This is part of a series of re-published articles I wrote in 2005 for the Daily Journal in Caracas
OPEC granted Rafael Ramírez his wish. On Tuesday, member countries backed the Venezuelan energy and petroleum minister’s argument that a quota hike was not the long-term answer to high oil prices by keeping the production quota at 28 million barrels per day (bpd).
Ramírez contended before the meeting that the problem of high oil prices stemmed more from global refining shortages and excessive consumption than from a lack of production.
Cartel members appeared to agree, saying they planned to build over 10 new refineries for a 2.4 million bpd increase in capacity by 2011.
“If we increase some barrels, the fundamental situation will not change,” Ramírez said in Vienna, according to a Petróleos de Venezuela (PDVSA) press release.
OPEC did offer an extra 2 million bpd to the market – which represented all of its spare capacity – in an attempt to quell surging prices after Hurricane Katrina knocked out 800,000 barrels per day (bpd) of refining capacity on the Gulf Coast. But Ramírez suggested that the extra offer may not lower prices, Bloomberg reported.
Ramírez has also insisted that high oil prices are due to excessive consumption, especially in the United States. “We have given enough signals that we are ready to put all the necessary barrels into the market, but the International Energy Agency will have to identify what the problems are in the consuming countries,” Ramírez said in the statement. “They will have to resolve the issue of their production capacity.”
PDVSA’s plans to increase investment from $5 billion to $10 billion per year and official production from 3.3 to 5.8 million bpd by 2012 suggest that Ramírez has actions to support his words.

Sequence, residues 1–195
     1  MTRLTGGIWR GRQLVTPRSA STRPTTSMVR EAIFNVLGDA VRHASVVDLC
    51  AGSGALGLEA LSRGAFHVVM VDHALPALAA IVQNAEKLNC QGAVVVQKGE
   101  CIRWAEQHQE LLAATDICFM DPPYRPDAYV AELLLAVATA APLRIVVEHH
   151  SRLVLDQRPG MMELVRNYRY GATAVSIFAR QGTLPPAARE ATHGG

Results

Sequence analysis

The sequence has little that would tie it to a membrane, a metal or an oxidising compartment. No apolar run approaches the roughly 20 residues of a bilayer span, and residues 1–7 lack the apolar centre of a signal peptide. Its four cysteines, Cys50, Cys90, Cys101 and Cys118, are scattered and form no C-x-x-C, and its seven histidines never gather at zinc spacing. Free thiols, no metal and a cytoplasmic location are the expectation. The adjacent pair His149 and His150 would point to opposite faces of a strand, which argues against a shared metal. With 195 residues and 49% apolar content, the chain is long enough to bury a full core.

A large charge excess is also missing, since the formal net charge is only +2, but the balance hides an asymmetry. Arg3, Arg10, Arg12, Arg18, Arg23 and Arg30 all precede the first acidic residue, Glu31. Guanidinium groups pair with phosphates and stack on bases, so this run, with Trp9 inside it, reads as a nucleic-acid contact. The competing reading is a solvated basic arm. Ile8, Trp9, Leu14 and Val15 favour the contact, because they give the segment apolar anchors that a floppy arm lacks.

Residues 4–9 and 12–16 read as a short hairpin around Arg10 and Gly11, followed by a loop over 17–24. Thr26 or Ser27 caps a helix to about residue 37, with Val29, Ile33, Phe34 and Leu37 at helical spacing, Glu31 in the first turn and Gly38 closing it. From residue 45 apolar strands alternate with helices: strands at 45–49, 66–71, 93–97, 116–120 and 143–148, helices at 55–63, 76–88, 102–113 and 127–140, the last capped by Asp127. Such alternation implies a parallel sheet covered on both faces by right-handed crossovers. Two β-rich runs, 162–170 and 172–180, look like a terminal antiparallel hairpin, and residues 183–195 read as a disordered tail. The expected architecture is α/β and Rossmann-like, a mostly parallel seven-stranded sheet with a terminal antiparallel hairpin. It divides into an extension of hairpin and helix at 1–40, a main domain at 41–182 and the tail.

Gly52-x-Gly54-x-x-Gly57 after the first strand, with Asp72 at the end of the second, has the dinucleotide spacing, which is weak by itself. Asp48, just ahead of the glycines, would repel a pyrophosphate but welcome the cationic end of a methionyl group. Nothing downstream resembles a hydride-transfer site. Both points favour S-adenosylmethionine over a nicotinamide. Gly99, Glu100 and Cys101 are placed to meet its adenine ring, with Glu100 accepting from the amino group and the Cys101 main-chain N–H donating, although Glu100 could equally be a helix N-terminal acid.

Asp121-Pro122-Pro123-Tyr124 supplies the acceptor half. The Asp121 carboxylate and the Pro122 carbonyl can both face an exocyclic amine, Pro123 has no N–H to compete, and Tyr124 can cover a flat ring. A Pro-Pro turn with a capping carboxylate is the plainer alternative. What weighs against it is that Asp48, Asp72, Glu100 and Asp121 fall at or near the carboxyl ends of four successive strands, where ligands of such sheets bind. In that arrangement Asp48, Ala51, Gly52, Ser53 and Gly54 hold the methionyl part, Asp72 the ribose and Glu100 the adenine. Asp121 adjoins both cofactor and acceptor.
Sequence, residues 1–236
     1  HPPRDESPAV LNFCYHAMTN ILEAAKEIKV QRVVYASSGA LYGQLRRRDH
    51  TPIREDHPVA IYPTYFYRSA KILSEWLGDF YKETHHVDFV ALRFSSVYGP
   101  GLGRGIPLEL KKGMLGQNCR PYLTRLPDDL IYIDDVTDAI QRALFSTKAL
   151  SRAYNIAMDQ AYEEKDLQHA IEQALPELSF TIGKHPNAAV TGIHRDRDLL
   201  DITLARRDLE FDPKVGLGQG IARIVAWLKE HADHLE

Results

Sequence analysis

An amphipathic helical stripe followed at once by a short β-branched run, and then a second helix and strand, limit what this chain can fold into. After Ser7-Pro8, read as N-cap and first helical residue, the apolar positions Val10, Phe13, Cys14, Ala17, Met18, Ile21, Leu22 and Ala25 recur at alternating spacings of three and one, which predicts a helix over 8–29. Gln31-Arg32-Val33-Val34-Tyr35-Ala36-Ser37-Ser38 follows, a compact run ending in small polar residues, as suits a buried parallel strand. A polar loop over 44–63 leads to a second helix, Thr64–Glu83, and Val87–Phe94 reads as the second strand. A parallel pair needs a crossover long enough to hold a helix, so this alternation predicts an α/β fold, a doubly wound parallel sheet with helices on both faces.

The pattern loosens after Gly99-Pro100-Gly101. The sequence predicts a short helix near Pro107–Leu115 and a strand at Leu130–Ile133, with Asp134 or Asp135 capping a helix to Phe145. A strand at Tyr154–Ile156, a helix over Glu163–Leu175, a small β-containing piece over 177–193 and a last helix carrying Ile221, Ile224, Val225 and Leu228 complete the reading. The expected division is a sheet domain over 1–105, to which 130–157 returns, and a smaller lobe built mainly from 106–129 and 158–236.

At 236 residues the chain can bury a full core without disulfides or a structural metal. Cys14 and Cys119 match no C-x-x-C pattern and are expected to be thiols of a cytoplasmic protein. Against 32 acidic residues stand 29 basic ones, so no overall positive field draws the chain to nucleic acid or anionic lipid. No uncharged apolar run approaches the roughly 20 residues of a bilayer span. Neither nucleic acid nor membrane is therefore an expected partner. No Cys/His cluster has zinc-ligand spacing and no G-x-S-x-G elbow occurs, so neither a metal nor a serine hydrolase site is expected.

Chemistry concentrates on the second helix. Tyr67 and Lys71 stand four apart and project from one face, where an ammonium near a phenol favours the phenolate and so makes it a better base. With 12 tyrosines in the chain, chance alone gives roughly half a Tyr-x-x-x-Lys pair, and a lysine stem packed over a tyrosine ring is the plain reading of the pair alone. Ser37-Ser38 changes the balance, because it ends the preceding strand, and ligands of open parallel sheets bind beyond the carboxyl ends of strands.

The company is expected to announce next week the details on a $3 billion refinery it will build with Brazil’s Petrobras in that country’s northeastern state of Pernambuco.
The plant is expected to be equipped with a capacity of 200,000 bpd and the ability to refine heavy crude.
The state-owned giant is one of three companies that has expressed interest in an estimated $850 million project to expand the Cartagena, Colombia refinery from 78,000 to 140,000 bpd by 2010.
PDVSA has also said it will invest $7.5 billion to build three new refineries in the Faja heavy oil belt with a total production capacity of 500,000 bpd.
The company also plans to spend $2.9 billion revamping its El Palito and Puerto La Cruz plants.
Yet critics have cast doubts on the company’s ability to pull off the new projects, with El Nacional’s José Suárez-Núñez saying some doubters even call the three proposed Faja plants “fantasy refineries.”
Investors could frown at the proposed 400,000 bpd Cabruta plant because it would be situated 100 km from the nearest oil field and 250 km from the Cerro Negro heavy oil field, making pipeline construction an expensive proposition.
PDVSA would also need to build three pipelines-one for crude, product and fuel oil-that would traverse half the country to arrive at the Jose or Güiria refineries, El Nacional pointed out.
Critics also point out that Cabruta is an odd choice for a large plant since only 8,000 people currently inhabit the town.
The government plans to solve that problem by moving people to Cabruta to build a new city of 100,000 residents. President Hugo Chávez contended at PDVSA’s presentation of its future business plan last month that the three Faja refineries were an effort at decentralizing a nation that had 90 percent of its population in the North.
The proposed Caripito plant in the Eastern part of the Faja would process crude from Lake Guanoco.
Yet criticism warns that the lake only has reserves of 36 million barrels, which would run out in only two years in the 50,000 refinery.
PDVSA has also said it will invest $16.8 million in natural gas projects to increase its gas production from 6.3 to 11.5 billion cubic feet per day by the year 2012.
Yet PDVSA’s decision to boot Shell out of the long-awaited Mariscal Sucre gas project has led some critics to question the government’s commitment to natural gas production, especially at a time of towering oil prices.
JENS ERIK GOULD
Jens Erik Gould is a political, business and entertainment writer and editor who has reported from a dozen countries for media outlets including The New York Times, National Public Radio and Bloomberg News.